How did William Whewell describe the method of science?

William Whewell Read more from
Chapter Nineteenth Century Philosophy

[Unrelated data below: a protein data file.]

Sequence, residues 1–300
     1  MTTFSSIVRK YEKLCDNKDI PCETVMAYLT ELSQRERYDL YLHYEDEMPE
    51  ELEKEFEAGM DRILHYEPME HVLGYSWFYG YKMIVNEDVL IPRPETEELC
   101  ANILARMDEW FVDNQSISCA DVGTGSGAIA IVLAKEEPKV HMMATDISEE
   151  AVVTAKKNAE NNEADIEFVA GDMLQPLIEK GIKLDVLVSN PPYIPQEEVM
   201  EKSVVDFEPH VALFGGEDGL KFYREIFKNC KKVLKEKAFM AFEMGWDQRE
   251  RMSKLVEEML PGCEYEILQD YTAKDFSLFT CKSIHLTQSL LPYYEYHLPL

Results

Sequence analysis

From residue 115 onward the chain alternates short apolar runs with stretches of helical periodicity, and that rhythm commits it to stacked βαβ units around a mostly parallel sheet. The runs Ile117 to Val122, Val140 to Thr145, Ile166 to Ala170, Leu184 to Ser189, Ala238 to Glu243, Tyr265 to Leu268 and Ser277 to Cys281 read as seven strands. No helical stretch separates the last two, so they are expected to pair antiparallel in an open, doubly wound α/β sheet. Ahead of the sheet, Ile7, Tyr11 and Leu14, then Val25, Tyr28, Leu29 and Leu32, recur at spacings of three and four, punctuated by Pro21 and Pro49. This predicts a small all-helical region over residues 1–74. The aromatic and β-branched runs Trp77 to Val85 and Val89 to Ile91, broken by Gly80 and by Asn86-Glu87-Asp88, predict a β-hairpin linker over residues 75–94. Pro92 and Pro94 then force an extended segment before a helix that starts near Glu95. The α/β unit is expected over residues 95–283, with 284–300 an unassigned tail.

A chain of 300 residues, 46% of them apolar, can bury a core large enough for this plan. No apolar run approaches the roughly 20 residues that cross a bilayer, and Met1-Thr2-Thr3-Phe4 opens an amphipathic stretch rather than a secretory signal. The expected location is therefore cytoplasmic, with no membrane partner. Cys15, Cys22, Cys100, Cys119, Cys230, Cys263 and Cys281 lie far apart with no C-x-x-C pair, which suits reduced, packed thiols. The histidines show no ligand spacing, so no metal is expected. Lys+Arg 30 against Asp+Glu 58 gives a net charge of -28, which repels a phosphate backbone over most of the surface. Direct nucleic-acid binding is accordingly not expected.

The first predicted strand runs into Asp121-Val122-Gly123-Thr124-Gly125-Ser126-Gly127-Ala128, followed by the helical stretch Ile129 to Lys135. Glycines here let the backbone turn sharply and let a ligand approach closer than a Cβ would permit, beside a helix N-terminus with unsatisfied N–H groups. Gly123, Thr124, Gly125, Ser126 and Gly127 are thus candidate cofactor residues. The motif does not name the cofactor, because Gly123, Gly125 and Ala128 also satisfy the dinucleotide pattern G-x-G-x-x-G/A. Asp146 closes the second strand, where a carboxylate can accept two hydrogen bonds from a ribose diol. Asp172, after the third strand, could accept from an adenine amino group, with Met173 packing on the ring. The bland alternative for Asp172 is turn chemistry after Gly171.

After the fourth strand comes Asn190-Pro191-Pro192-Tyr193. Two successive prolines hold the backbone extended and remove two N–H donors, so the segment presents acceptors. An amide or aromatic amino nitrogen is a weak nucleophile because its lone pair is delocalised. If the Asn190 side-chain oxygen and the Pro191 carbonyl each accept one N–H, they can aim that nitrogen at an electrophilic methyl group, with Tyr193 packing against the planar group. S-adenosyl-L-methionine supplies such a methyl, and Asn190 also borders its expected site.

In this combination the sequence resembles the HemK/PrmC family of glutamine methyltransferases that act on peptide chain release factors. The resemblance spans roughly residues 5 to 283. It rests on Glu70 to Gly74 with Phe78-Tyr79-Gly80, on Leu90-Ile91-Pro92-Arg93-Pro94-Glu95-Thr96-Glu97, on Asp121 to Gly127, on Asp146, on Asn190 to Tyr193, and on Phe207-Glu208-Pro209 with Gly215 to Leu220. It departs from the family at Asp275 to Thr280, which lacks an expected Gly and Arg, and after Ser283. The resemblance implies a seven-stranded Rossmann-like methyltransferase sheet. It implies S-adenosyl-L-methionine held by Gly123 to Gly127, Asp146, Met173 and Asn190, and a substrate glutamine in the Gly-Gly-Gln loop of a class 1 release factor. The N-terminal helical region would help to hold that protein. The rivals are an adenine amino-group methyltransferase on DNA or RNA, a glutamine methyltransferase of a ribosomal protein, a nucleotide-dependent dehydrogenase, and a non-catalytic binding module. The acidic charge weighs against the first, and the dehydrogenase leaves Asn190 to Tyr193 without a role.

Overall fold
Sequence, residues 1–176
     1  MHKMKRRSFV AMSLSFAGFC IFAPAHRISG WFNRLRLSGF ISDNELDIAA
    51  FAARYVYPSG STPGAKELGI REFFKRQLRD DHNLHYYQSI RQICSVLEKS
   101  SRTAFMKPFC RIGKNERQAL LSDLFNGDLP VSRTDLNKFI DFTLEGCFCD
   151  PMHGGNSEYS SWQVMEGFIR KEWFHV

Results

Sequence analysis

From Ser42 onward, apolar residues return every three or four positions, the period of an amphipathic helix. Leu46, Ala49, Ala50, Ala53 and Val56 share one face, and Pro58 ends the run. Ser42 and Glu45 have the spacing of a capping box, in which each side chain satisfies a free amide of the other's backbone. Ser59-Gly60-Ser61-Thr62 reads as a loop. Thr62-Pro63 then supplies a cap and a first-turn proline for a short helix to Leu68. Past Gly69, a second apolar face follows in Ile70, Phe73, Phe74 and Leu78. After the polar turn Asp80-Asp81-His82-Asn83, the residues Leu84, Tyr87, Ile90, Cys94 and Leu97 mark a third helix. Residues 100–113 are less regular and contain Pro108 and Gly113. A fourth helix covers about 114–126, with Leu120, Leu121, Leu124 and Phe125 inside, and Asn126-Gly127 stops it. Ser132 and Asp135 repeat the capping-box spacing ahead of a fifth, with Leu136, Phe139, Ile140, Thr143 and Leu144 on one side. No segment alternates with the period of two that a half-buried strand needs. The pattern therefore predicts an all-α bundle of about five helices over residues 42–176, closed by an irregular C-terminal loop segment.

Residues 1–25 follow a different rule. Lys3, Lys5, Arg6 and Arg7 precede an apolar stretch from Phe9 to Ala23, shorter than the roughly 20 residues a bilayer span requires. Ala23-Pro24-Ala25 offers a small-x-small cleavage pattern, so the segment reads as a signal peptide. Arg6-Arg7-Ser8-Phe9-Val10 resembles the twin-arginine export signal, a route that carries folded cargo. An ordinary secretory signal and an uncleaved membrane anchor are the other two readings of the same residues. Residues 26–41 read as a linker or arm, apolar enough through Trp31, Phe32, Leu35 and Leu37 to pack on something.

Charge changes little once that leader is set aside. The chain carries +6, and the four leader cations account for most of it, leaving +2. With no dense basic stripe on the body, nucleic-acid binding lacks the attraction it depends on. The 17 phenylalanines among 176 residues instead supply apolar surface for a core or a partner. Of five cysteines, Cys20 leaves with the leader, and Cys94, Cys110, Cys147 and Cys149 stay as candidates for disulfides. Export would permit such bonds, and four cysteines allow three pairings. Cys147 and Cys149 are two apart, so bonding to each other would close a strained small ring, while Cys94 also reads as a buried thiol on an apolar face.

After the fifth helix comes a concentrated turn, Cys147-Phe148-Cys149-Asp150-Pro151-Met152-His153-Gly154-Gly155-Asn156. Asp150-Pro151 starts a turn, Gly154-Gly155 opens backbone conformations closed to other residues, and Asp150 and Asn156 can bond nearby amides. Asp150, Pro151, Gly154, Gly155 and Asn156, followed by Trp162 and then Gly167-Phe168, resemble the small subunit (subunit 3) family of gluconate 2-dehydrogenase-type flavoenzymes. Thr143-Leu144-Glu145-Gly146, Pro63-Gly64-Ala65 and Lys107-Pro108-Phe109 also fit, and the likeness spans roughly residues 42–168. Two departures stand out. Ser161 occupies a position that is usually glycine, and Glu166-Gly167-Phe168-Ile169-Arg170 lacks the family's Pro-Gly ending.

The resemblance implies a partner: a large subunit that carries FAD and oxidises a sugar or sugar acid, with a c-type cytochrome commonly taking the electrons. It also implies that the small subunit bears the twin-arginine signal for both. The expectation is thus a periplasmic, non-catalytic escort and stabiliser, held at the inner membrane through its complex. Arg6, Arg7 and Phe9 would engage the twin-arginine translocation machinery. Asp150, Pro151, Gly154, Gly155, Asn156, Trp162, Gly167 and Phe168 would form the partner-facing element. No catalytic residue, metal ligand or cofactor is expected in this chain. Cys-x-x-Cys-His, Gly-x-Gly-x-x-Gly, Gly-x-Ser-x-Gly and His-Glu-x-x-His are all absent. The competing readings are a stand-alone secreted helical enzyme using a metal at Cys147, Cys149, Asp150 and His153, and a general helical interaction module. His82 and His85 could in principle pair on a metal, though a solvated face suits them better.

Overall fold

In his 1837 book, History of the Inductive Sciences, Whewell described scientific methodology as a three-part process, beginning with a “prelude” of isolated facts, progressing toward laws or generalizations, and culminating in “colligation” by scientists during an “inductive epoch” in which a theory is created. The last stage is a “sequel” in which the theory is refined and applied to new facts.


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